Women have been an integral part of the supply chain. They have played an equally important role in pushing the envelope further in all the verticals of the Transport & Logistics industry. On this International Women’s Day, we present you five influential females of the supply chain that are defying all odds and have set an example in the industry.
Ann Drake — Founder of AWESOME
In 2012, Ann became the only woman to receive the Distinguished Service Award from the Council of Supply Chain Management Professionals (CSCMP). Just after two months of receiving this prestigious award, she founded AWESOME which stands for Achieving Women’s Excellence in Supply chain Operations, Management, and Education. The moment she got the award, the thought struck to her that why it took 47 long years for CSCMP to recognize a woman’s efforts and contribution in the Transport & Logistics industry. She set herself on a mission that would let her identify and overcome the obstacles that prevented women from getting successful in supply chain management.
Megan Smith – CEO of Symbia Logistics
It was 2009 when Megan Smith took a decision that would change the course of her future and the way the world perceives women in the Transport & Logistics industry. She took over her family business that boasted a legacy of over 150 combined years and scaled it to unforeseen heights. She received certification from the National Women Business Owners Corporation and went on to become CEO of Amware Logistics while she rebranded the company to Symbia Logistics.
Megan is still going on and can be seen proudly stating that her organization comprises of women leaders. Not just for the sake of equality, but Smith firmly believes that if given a fair chance, women can prove to be equally passionate, and dedicated risk-takers while at the workplace and this is evident from the organizational structure of her company.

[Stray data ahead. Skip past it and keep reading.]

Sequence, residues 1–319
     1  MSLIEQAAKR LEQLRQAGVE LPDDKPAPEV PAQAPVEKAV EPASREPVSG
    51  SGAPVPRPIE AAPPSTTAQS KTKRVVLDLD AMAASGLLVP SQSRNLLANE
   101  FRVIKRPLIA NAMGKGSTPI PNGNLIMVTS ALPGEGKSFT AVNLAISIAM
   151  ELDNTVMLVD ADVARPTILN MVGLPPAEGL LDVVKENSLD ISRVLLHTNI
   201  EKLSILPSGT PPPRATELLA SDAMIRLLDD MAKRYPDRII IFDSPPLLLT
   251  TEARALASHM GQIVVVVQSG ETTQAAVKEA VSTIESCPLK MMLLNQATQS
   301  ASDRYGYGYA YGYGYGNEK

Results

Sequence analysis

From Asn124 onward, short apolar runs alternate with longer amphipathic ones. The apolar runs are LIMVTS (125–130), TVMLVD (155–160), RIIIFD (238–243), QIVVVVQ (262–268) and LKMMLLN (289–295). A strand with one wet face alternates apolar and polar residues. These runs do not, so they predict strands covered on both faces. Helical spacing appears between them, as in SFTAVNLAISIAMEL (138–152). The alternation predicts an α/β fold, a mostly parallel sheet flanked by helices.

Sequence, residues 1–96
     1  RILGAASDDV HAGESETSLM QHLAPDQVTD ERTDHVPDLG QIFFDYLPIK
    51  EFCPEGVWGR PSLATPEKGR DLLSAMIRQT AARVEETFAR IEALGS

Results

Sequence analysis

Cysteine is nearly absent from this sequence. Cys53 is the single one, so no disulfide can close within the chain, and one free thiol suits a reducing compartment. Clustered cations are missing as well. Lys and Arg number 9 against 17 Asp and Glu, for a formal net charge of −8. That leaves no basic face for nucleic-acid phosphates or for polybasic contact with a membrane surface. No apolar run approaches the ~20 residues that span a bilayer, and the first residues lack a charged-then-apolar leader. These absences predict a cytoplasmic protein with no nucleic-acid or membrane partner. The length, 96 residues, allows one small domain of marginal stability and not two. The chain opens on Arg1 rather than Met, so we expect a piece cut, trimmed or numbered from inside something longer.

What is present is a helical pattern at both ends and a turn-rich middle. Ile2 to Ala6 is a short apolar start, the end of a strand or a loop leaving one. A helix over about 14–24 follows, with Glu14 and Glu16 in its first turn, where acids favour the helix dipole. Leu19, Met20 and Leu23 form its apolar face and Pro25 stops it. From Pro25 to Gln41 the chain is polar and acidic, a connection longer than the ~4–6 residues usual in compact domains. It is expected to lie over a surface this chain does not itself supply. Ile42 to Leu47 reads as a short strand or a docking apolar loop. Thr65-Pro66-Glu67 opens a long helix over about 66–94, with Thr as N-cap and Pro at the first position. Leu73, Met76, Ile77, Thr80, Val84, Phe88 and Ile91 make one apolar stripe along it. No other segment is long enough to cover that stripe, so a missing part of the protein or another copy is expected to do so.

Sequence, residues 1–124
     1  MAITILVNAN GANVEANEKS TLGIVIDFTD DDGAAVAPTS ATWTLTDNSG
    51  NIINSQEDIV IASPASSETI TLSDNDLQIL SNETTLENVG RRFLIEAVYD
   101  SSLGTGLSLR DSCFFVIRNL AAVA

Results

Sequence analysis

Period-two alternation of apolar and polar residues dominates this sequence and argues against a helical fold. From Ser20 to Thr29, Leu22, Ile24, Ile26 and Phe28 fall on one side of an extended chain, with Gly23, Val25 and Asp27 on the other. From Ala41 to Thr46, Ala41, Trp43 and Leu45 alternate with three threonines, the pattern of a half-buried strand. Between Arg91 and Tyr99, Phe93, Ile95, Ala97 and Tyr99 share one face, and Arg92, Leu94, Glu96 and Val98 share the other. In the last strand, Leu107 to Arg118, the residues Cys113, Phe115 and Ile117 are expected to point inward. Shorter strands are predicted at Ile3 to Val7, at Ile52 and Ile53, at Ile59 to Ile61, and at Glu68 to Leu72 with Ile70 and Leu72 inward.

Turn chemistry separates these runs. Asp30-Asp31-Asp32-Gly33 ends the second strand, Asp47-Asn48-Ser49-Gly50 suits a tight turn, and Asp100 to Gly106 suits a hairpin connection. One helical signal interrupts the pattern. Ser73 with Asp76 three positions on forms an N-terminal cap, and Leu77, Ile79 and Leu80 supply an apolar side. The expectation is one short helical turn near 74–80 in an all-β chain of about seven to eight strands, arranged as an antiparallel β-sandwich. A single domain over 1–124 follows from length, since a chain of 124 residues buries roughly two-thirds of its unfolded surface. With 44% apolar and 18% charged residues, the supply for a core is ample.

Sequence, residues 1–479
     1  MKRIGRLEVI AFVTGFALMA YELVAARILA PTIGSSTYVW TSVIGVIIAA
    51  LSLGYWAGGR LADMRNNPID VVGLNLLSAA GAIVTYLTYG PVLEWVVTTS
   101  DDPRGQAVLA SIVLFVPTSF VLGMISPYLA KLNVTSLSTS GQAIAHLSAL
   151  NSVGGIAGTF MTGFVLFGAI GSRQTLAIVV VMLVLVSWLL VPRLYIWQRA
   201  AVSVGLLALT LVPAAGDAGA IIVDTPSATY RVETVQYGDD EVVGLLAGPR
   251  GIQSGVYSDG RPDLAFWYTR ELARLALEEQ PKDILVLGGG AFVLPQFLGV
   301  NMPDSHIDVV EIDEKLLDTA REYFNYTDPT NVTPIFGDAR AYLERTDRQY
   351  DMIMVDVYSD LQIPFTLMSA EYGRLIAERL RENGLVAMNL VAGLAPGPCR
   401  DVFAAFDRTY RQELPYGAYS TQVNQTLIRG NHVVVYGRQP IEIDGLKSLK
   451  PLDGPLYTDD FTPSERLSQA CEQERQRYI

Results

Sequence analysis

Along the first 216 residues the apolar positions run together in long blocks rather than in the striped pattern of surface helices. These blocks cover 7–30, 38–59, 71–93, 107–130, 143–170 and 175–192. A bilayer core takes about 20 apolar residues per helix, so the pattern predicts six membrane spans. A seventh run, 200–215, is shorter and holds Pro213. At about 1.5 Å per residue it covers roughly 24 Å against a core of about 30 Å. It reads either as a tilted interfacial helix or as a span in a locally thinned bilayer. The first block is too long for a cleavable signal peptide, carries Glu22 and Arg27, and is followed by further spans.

Edwina Justus – Railroad Engineer
Before 1900, railroads were the most prominent mode of transportation in the supply chain due to a lack of technological advancements in other sectors. Transit through railroads was fast yet efficient and the dominant workforce behind this was male. However, in 1976, Edwina “Curly” Justus became the first black female locomotive engineer to be appointed for working by Union Pacific Railroad. She had a humble beginning while working as a traction motor clerk and went on for the next 22 years transporting livestock, airplane wings, and cars to Wyoming and Colorado.
Ellen Voie – President & CEO of Women In Trucking Association
Trucking is one of the most crucial aspects of the Transport & Logistics ecosystem but according to a report by Indeed, only 8% of all the truck drivers are women. However, one woman has taken up the challenge to transform this scenario and bring more and more women to be a part of this rapidly growing sector. Ellen Voie, president, and CEO of Women In Trucking Association travels all around the globe to deliver pep talks and empower women in the trucking industry. In 2012, White House named Voie as one of the Transportation Innovators for Change and since then there has been no looking back as she has won numerous accolades.
Melonee Wise – CEO of Fetch Robotics
While other influential women have made a mark in the supply chain industry, Melonee Wise is striving hard to secure its future. She is a robotics innovator and has played an instrumental role in forging the futuristic supply chain solutions as the CEO of Fetch Robotics. The firm manufactures autonomous mobile robots (AMRs) which are a big aid in finding, tracking, and moving inventory. Wise has raised 99 million so far in total funding as her company has deployed several hundred robots in 11 countries.
While these were some of the pivotal personalities of the Transport & Logistics industry who have been at the helm of bringing a transformation in what is a rather male-dominated ecosystem, there are a lot of unsung superwomen out there who are bringing the change the society needs one day at a time. DiLX salutes all the women who are striving hard to prove that women are not just equal to men when it comes to delivering sustainable supply chain business values, but can outperform them as well.